HENRY GEORGE HINE R.I.
â€˜Brighton (fish market), 1823â€™
This stunning watercolour, unusual of subject and detail, could be described as the best work ever produced by this artist, painted in 1883 in memory of his childhood in Brighton, aged of 12 at the time. His usual work portrays the beautiful Sussex countryside in fine atmospheric detail.
He was the son of a coachman. He was self taught, and began by copying his vicarâ€™s Copley Fielding watercolours. After some years painting Sussex scenes he was apprenticed to the engraver Henry Meyer in London. Thereafter he spent two years in Rouen, and in 1841 became a wood engraver for Landells. At this time he also drew for Punch and later for rival publications. He began to exhibit in 1830, and was elected a member of the Royal Institute in 1864â€¦â€¦â€¦ Vice President from 1888 to 1895.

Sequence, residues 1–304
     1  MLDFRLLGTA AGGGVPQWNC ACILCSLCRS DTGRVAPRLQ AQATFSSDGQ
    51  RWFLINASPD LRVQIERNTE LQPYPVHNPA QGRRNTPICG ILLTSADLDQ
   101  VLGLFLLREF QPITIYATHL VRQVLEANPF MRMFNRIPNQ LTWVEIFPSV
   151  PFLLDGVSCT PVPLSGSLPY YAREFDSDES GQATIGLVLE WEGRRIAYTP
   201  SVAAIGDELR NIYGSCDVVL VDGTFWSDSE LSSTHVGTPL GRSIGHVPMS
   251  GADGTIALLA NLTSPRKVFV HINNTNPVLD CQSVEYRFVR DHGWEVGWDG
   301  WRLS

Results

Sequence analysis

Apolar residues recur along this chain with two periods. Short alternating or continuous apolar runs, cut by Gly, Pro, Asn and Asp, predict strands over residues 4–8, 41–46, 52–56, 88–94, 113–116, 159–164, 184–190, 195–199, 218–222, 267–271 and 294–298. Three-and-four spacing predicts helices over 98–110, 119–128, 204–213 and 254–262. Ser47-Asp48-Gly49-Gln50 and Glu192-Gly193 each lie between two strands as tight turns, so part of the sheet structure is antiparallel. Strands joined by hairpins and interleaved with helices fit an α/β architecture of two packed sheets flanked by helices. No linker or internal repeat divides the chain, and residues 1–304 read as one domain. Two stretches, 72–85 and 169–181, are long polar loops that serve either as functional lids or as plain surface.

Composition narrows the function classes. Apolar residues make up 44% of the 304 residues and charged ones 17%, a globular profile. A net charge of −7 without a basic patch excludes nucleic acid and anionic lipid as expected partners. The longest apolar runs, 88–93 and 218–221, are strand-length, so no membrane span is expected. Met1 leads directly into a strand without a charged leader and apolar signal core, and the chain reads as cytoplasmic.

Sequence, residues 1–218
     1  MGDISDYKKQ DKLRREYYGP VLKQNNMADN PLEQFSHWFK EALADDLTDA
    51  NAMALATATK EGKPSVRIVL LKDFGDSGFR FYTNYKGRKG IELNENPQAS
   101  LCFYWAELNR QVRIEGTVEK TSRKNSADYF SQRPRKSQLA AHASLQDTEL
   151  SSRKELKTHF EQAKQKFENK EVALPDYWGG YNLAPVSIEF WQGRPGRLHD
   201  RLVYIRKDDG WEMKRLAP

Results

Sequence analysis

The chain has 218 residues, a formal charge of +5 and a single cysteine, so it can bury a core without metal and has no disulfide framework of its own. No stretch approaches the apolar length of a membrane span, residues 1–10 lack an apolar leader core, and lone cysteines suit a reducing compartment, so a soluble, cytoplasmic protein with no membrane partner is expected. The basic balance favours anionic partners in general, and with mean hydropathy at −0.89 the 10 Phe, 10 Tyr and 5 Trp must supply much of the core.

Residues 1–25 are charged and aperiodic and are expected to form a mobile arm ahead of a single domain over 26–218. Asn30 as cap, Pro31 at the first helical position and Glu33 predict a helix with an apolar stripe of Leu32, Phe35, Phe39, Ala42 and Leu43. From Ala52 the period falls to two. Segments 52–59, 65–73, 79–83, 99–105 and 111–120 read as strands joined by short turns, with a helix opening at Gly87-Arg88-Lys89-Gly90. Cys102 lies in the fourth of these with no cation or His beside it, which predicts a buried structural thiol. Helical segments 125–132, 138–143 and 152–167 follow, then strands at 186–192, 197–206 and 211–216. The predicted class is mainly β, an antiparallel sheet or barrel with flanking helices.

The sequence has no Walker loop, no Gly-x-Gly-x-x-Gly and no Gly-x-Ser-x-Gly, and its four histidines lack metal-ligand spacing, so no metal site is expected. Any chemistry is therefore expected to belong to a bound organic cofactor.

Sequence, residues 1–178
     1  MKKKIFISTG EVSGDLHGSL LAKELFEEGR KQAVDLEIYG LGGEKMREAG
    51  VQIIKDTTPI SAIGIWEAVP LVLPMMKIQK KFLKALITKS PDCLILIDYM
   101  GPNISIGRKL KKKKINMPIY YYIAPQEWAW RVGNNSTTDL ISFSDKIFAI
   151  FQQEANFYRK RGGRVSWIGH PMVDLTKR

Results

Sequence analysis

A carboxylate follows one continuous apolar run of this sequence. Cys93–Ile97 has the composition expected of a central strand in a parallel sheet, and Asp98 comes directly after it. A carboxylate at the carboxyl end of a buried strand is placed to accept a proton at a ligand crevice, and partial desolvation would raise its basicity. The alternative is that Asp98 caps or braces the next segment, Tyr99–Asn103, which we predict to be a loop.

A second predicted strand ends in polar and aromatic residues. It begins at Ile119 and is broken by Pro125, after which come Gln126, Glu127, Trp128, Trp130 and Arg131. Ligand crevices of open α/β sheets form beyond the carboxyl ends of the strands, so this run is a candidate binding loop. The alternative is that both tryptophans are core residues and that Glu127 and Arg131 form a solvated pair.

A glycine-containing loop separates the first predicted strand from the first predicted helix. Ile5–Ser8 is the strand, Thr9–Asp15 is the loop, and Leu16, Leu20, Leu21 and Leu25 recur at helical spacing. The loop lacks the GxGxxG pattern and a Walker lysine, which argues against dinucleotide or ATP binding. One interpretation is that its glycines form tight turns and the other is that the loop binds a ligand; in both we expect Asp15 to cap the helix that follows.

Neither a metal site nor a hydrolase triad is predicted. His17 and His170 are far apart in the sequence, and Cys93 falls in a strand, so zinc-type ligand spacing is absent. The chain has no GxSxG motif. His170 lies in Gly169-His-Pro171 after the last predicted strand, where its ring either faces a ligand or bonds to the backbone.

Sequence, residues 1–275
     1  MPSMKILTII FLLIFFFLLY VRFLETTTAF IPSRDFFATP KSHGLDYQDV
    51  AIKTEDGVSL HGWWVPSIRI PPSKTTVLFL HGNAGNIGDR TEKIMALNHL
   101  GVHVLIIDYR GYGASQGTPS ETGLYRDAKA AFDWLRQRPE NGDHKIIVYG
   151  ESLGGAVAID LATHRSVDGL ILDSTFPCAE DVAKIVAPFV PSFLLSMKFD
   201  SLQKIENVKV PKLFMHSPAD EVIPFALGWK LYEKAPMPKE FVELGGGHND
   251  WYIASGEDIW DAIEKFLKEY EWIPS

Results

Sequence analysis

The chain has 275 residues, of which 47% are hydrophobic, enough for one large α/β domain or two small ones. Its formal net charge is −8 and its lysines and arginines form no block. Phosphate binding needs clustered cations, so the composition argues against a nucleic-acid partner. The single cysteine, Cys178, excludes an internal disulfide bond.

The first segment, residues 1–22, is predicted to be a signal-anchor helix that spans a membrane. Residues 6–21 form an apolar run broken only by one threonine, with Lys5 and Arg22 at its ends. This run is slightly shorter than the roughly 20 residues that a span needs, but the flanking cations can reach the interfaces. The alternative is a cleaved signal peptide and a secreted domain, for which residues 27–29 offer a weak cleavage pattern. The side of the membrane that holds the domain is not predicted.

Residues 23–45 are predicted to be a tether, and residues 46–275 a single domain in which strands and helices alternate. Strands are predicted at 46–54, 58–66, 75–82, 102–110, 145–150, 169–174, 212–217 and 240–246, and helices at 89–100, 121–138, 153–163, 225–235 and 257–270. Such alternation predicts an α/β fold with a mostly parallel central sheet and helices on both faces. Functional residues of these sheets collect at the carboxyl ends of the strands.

He exhibited 92 watercolours at the Royal Institute and others elsewhere including the Fine Art Society, Agnews and Son and in Manchester and Liverpool Art Galleries. He is represented at the British Museum, the Victoria and Albert Museum, Fitzwilliam (Cambridge), Leeds City Art Gallery, Williamson Art Gallery, Towner Gallery and elsewhere at Hitchen, Hove, Eastbourne, Southend, Maidstone, Manchester, Beecroft, Leicestershire and Sydney (Australia) art galleries/museums.
Signed and dated 1883 (price lowered)
14.4 x 29.5in
NOT ON DISPLAY